"Orthogonality and the DRY Principle"

Discussion in 'Strategy Building' started by harrytrader, Feb 11, 2004.

  1. http://www.artima.com/intv/dry3.html

    "Be Orthogonal
    Bill Venners: What does orthogonality mean and why is it good?

    Andy Hunt: The basic idea of orthogonality is that things that are not related conceptually should not be related in the system. [...] A change to one should not cause a change to the other. Unfortunately, we've seen systems throughout our careers where that's not the case. "

    ok it's in the field of software engineering but the principle is general and can also be applied to trading system. In fact for everything I have done in different fields I have never seen much difference and I always apply the same principles like the one described above. Nevertheless principles alone aren't enough they must be combined of course with the specific knowledge of a field that's why a pure methodologist can't succeed if he just contents with generalities but someone who has a good knowledge of a field can really empower himself with universal principles which are in fact just scientific principles disguised under other names. For example orthogonality obviously is derived from mathematics: it is well known in maths that a good representation of datas would use orthogonal axis (especially there is so called Multicomponent Analysis techniques in advanced statistics that uses this important characteristic of orthogonality).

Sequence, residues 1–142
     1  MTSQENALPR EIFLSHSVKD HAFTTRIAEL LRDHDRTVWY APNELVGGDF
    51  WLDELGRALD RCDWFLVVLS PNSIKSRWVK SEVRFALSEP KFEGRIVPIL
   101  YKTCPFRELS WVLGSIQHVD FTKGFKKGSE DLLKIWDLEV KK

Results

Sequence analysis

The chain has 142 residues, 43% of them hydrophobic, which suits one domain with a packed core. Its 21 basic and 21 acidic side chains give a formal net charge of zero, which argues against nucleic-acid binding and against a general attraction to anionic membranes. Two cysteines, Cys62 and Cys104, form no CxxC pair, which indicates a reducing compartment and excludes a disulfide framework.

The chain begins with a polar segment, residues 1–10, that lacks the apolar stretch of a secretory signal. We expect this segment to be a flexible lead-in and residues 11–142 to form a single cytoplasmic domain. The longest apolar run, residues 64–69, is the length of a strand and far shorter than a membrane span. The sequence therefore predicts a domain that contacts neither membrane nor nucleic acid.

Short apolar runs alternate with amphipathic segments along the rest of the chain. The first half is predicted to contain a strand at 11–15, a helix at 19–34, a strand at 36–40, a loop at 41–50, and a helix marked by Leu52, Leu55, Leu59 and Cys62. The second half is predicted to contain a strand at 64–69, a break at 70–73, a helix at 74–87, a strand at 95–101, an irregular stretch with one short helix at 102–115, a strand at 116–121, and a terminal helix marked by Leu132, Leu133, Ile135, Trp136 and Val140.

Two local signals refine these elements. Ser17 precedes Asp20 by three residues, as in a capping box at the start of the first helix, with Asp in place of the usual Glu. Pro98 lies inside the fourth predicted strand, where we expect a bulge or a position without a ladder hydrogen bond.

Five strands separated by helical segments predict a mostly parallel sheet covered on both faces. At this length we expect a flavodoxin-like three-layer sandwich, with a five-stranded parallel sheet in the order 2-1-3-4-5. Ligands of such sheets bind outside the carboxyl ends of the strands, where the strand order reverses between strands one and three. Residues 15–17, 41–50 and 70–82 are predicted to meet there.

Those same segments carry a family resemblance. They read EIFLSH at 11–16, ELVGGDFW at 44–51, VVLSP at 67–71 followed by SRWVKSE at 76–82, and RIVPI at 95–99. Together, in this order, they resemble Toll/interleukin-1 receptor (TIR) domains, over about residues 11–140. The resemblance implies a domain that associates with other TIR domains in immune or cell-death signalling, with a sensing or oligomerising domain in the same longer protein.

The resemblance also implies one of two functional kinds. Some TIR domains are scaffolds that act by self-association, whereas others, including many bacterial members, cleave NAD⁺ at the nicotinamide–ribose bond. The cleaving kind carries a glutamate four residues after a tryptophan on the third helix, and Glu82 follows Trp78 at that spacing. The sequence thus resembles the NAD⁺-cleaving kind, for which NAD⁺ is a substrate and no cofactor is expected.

The beginning of the article is here

    Bill Venners: You say in your book, The Pragmatic Programmer (Addison-Wesley, 1999), that "programmers are constantly in maintenance mode." Why?
    Dave Thomas: All programming is maintenance programming, because you are rarely writing original code. If you look at the actual time you spend programming, you write a bit here and then you go back and make a change. Or you go back and fix a bug. Or you rip it out altogether and replace it with something else. But you are very quickly maintaining code even if it's a brand new project with a fresh source file. You spend most of your time in maintenance mode. So you may as well just bite the bullet and say, "I'm maintaining from day one." The disciplines that apply to maintenance should apply globally.

    The DRY Principle
    Bill Venners: What's the DRY principle?

    Dave Thomas: Don't Repeat Yourself (or DRY) is probably one of the most misunderstood parts of the book.

    Bill Venners: How is DRY misunderstood and what is the correct way to understand it?

    Dave Thomas: Most people take DRY to mean you shouldn't duplicate code. That's not its intention. The idea behind DRY is far grander than that.

    DRY says that every piece of system knowledge should have one authoritative, unambiguous representation. Every piece of knowledge in the development of something should have a single representation. A system's knowledge is far broader than just its code. It refers to database schemas, test plans, the build system, even documentation.

    Given all this knowledge, why should you find one way to represent each feature? The obvious answer is, if you have more than one way to express the same thing, at some point the two or three different representations will most likely fall out of step with each other. Even if they don't, you're guaranteeing yourself the headache of maintaining them in parallel whenever a change occurs. And change will occur. DRY is important if you want flexible and maintainable software.